On Thu, 03 Sep 2009 23:18:39 +0200
Hartmut Noack wrote:
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here's the problem: in your eagerness to spite these people you think are bad
musicians, you would also thwart good musicians who have no interest in sound
design. and this is even though the only negative consequence of an abundance
of presets is that people may use them to make bad music, which you aren't
forced to listen to and so isn't really any of your business.
> Jaron Lanier (I know, he is controversal and I do not consider him a
quasi-religious conclusion aside, it's a spurious analogy given that the violin
is a simple instrument without enough modifiable parameters to benefit from any form of presets.
in fact, the violin is analogous to the preset, not to the underlying virtual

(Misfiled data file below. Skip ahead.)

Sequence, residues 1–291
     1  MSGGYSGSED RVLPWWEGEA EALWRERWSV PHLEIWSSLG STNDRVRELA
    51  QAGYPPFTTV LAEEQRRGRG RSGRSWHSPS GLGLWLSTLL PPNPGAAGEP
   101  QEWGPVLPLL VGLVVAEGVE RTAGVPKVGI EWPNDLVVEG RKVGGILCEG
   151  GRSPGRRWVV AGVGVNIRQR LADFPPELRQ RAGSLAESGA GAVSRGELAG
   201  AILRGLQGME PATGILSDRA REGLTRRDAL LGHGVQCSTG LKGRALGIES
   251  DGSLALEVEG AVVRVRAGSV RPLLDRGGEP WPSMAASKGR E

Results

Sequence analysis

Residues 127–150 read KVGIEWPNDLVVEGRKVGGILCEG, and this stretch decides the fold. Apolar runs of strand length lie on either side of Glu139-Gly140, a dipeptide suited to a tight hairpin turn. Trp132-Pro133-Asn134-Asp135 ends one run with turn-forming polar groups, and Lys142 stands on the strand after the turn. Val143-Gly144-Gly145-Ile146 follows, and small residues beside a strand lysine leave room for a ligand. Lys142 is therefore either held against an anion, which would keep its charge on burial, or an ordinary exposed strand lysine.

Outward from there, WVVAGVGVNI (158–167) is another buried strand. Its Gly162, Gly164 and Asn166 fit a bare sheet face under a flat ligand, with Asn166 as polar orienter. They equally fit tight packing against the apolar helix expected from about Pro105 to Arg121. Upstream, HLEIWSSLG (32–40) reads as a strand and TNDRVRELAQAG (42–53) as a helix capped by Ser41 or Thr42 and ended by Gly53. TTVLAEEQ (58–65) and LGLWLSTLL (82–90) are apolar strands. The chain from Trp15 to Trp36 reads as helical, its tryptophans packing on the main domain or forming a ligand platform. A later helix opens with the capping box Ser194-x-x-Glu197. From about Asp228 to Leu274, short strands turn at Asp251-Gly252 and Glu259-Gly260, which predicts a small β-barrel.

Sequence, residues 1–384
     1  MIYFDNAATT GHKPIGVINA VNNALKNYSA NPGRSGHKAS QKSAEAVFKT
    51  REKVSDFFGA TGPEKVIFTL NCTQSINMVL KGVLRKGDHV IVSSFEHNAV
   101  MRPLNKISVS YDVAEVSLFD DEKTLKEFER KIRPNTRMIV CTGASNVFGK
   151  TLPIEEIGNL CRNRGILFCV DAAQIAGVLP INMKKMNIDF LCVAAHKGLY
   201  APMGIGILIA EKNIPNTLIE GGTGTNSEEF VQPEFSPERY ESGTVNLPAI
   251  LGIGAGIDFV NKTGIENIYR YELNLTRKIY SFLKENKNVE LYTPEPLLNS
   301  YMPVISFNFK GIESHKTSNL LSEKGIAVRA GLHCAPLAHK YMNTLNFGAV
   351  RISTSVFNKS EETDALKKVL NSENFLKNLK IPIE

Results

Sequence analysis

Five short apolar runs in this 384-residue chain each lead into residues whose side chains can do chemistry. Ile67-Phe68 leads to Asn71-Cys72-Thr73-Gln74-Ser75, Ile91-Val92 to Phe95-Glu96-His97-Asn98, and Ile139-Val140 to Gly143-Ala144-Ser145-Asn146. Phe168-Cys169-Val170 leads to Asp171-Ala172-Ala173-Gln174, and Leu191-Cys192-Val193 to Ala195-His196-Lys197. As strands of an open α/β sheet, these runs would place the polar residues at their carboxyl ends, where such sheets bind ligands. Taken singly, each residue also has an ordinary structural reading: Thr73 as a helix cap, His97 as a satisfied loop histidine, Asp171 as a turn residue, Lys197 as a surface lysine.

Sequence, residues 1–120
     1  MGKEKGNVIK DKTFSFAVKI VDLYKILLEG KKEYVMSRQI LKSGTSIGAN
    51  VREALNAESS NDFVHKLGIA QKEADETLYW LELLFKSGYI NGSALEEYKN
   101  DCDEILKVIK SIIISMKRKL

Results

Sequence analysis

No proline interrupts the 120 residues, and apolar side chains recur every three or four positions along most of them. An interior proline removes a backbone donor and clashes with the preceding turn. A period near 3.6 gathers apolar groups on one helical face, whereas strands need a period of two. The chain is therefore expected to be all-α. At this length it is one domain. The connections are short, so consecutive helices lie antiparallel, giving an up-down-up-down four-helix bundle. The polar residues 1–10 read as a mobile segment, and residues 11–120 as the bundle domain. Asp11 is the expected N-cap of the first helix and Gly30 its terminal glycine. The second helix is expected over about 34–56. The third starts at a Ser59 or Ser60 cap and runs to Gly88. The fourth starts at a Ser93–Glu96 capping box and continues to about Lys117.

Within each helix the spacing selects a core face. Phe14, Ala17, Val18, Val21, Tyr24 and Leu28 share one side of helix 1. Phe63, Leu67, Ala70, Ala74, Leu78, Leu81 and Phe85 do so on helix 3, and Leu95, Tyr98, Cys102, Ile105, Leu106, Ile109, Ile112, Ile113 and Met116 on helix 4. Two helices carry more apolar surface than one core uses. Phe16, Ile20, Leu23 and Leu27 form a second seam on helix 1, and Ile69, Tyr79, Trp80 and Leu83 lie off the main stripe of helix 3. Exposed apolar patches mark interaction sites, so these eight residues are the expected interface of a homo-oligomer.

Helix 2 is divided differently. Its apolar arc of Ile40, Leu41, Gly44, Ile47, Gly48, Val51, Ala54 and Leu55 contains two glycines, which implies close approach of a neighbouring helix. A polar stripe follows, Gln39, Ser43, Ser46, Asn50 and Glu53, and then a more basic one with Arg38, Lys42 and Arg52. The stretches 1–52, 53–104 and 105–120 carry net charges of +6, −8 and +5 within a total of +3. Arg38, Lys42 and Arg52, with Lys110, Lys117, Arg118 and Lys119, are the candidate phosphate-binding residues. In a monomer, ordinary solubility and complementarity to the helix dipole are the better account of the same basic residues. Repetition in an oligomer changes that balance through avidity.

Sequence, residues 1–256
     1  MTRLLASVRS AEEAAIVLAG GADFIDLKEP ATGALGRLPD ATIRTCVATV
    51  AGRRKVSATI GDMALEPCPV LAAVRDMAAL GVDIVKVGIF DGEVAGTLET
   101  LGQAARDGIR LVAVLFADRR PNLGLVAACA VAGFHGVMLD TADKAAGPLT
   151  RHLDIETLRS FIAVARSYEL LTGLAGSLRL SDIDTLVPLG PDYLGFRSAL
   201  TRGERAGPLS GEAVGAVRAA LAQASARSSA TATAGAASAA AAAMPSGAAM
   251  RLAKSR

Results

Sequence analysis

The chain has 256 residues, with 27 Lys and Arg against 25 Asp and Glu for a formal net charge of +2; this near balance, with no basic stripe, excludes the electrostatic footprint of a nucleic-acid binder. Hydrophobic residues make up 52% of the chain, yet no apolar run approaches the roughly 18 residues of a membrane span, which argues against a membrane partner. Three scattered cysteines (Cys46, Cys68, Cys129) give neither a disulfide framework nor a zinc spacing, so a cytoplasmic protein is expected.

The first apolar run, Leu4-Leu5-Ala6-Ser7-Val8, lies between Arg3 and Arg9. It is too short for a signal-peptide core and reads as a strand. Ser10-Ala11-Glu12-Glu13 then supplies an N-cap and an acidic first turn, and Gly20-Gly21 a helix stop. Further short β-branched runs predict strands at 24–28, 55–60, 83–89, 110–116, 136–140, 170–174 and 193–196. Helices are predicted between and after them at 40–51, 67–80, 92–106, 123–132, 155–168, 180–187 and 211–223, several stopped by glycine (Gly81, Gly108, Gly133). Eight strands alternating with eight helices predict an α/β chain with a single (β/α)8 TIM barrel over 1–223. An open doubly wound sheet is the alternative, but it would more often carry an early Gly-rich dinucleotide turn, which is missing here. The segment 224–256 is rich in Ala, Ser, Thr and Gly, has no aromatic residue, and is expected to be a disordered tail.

instrument. (with the obvious and not altogether flattering consequences for your
analogy). you play the violin as you would play a given preset, well or badly. but
few would suggest you should be required to construct or modify a violin before you
are entitled to play it.
> get the whole story:
no, there really isn't. you confuse software capability with user intent.
the difference stems from the user of those presets not the presets themselves.
i dont think many people seriously believe you should be able to program a synth before you can use it.
people are just lamenting that the inevitable consequence of making it easier
to make music is the proliferation of bad music. imho, it's enough to say that
while its certainly NOT true that musicians must also be engineers, it is true
that engineering skills can help in that regard.
the only reason i'm bitching about this is because a lack of presets excludes
those musicians without a particular technical inclination and so limits the
audience for that software. which in our case, harms the cause of linux as a
presets are a net gain people. we shouldn't screw the good musicians simply
to spite the bad ones.
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